Root Structure and Belowground Biomass of Hybrid Poplar in Forestry and Agroforestry Systems in Mediterranean France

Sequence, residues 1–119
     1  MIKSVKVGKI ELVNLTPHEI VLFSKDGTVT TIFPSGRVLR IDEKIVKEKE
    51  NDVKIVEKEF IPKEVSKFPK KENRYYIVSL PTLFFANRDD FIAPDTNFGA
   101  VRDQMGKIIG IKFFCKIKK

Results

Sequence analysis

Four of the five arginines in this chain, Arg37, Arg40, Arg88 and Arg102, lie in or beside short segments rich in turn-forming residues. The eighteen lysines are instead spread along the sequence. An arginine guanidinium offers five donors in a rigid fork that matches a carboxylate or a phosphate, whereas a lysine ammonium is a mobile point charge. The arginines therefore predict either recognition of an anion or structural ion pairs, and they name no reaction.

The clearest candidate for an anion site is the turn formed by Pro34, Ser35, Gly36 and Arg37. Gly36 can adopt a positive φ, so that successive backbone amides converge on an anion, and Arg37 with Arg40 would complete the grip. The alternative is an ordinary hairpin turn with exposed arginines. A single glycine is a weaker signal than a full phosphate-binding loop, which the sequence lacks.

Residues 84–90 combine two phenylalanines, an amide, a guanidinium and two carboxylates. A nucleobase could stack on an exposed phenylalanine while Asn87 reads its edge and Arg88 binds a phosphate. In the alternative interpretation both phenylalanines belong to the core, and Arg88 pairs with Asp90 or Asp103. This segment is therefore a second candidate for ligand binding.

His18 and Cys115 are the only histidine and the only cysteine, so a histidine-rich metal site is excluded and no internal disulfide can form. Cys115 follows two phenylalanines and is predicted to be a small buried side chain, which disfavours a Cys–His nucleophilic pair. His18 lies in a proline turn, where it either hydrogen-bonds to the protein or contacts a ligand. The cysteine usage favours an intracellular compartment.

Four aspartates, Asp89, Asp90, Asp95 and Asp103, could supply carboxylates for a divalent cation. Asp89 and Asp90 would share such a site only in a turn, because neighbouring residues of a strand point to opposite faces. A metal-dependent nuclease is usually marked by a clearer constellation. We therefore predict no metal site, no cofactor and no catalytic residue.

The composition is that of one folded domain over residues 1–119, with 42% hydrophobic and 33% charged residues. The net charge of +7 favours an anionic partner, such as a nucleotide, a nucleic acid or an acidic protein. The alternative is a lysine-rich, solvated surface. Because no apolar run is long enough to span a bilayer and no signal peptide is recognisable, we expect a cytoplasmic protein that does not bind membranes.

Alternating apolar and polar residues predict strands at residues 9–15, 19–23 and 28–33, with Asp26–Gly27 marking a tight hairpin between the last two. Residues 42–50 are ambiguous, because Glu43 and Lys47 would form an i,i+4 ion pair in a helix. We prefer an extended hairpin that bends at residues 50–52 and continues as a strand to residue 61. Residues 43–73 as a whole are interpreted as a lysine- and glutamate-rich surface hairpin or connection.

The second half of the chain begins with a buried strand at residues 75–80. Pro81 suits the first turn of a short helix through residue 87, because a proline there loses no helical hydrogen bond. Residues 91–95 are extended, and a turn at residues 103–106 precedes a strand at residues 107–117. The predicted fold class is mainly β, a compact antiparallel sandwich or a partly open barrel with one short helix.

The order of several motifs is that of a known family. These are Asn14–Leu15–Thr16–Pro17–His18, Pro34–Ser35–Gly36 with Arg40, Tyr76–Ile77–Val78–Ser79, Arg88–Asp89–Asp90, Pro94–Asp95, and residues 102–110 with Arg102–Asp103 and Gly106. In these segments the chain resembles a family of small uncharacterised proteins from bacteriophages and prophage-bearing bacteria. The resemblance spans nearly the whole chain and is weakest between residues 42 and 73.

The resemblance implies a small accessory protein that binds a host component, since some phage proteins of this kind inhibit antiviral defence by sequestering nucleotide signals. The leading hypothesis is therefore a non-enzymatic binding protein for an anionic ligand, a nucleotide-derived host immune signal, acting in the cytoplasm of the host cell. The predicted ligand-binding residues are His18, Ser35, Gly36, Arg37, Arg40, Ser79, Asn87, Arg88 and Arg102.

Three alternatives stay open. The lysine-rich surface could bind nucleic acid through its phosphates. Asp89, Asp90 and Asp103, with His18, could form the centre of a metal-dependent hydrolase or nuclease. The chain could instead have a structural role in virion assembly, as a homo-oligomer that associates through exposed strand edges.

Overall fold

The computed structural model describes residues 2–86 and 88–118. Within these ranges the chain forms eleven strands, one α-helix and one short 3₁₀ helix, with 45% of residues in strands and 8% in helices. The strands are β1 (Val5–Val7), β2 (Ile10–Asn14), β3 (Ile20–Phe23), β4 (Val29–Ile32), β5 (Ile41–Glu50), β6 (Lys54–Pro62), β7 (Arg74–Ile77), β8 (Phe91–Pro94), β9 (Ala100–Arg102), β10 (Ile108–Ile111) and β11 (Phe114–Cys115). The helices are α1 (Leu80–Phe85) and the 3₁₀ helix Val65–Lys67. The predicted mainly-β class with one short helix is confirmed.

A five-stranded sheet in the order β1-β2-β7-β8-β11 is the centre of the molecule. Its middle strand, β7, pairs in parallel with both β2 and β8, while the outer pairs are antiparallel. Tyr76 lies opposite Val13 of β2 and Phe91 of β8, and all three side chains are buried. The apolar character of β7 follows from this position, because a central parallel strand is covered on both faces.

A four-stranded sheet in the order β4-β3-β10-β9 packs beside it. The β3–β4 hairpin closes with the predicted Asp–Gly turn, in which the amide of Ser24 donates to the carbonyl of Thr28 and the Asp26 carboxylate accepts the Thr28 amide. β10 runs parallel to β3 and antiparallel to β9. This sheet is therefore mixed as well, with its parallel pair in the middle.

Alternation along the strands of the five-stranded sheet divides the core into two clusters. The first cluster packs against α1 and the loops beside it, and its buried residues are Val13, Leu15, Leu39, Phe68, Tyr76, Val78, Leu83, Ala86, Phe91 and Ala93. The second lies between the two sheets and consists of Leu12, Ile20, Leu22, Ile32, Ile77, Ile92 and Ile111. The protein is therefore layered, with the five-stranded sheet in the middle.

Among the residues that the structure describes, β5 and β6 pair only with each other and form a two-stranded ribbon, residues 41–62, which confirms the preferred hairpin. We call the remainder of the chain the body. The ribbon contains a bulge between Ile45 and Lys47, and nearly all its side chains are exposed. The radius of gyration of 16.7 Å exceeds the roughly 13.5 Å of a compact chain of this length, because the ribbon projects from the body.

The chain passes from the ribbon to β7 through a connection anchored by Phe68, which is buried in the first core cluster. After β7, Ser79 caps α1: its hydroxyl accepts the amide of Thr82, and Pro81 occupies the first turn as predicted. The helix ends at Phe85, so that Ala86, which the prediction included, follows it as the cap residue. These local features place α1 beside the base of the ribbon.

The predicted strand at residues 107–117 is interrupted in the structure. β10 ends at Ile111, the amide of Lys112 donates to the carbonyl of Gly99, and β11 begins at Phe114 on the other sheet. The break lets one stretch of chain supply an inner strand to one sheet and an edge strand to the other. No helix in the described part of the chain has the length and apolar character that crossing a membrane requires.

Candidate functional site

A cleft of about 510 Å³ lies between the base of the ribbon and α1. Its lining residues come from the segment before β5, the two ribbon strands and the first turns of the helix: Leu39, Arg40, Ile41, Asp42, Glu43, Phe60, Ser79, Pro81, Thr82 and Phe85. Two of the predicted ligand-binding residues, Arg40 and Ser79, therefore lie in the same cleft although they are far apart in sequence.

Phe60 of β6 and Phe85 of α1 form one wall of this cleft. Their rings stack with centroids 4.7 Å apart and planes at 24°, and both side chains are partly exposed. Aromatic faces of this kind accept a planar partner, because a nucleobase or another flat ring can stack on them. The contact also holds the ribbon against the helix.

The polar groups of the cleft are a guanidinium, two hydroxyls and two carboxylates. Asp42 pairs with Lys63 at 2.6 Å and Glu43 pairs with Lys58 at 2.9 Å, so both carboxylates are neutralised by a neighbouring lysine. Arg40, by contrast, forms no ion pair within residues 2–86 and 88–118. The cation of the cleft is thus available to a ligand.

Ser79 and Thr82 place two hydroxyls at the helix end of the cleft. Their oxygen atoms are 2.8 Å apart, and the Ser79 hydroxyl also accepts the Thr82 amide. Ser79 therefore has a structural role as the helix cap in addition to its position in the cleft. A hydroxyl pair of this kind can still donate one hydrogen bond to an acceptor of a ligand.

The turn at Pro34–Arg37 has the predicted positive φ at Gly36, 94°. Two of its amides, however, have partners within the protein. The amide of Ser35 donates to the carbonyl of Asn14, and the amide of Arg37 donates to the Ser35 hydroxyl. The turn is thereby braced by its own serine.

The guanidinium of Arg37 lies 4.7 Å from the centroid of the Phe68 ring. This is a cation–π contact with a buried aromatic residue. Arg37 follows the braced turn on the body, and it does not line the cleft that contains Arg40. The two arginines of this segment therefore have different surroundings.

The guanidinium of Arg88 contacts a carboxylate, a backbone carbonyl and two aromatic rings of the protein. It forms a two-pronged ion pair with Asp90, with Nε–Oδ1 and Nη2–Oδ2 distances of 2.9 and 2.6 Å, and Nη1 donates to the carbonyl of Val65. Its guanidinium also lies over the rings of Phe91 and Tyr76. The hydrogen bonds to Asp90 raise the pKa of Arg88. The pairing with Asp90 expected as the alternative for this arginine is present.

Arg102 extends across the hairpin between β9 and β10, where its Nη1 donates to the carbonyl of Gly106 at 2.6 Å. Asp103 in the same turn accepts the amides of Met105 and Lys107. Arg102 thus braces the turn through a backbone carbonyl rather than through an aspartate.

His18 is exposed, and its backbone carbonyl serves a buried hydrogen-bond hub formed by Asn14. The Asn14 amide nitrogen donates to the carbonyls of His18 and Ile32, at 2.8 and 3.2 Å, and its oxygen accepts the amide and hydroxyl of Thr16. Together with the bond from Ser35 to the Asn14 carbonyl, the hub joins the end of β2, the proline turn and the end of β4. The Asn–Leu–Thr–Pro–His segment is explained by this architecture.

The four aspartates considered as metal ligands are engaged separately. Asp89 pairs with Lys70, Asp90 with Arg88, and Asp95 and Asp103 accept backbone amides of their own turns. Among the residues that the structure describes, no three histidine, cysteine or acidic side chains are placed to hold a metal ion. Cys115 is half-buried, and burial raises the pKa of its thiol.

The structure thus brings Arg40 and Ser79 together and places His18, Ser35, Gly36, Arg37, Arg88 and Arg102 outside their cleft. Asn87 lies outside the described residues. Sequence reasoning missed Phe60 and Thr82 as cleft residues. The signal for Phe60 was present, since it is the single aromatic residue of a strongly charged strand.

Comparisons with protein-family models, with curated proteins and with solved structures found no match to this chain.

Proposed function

In poplar, one of the most used species of forestry and agroforestry, below ground biomass allocation plays an important role in providing anchorage as well as efficient nutrient and water distribution channel. Available literature on this aspect is not enough in hybrid Poplar, Populus euramaricana I-214. Therefore, the study was aimed at finding how this species developed its root system and how much belowground biomass was allocated in Forest System (FRS) and Agroforest System (AFS). This was done using soil excavation and root coring methods. Coarse roots were distributed in all directions but their number and proximal cross section area (CSA) were not uniform. In the case of AFS tree maximum CSA was distributed in the south and south-west direction while in FRS it was in the north-east and south-east direction. Fine roots were observed throughout the rooting zone along with coarse and medium roots up to a maximum depth of 2.4 m in FRS and 2.8 m in AFS. Total belowground biomass was higher in AFS tree (130 kg tree-1) than FRS tree (120 kg tree-1). But on hectare basis FRS accumulated (24.5 Mg ha-1) more biomass than AFS (18.1 Mg ha-1). However, if practiced in surplus agriculture area and considered the system as a whole, AFS allows grain production in lieu of some biomass deficit.
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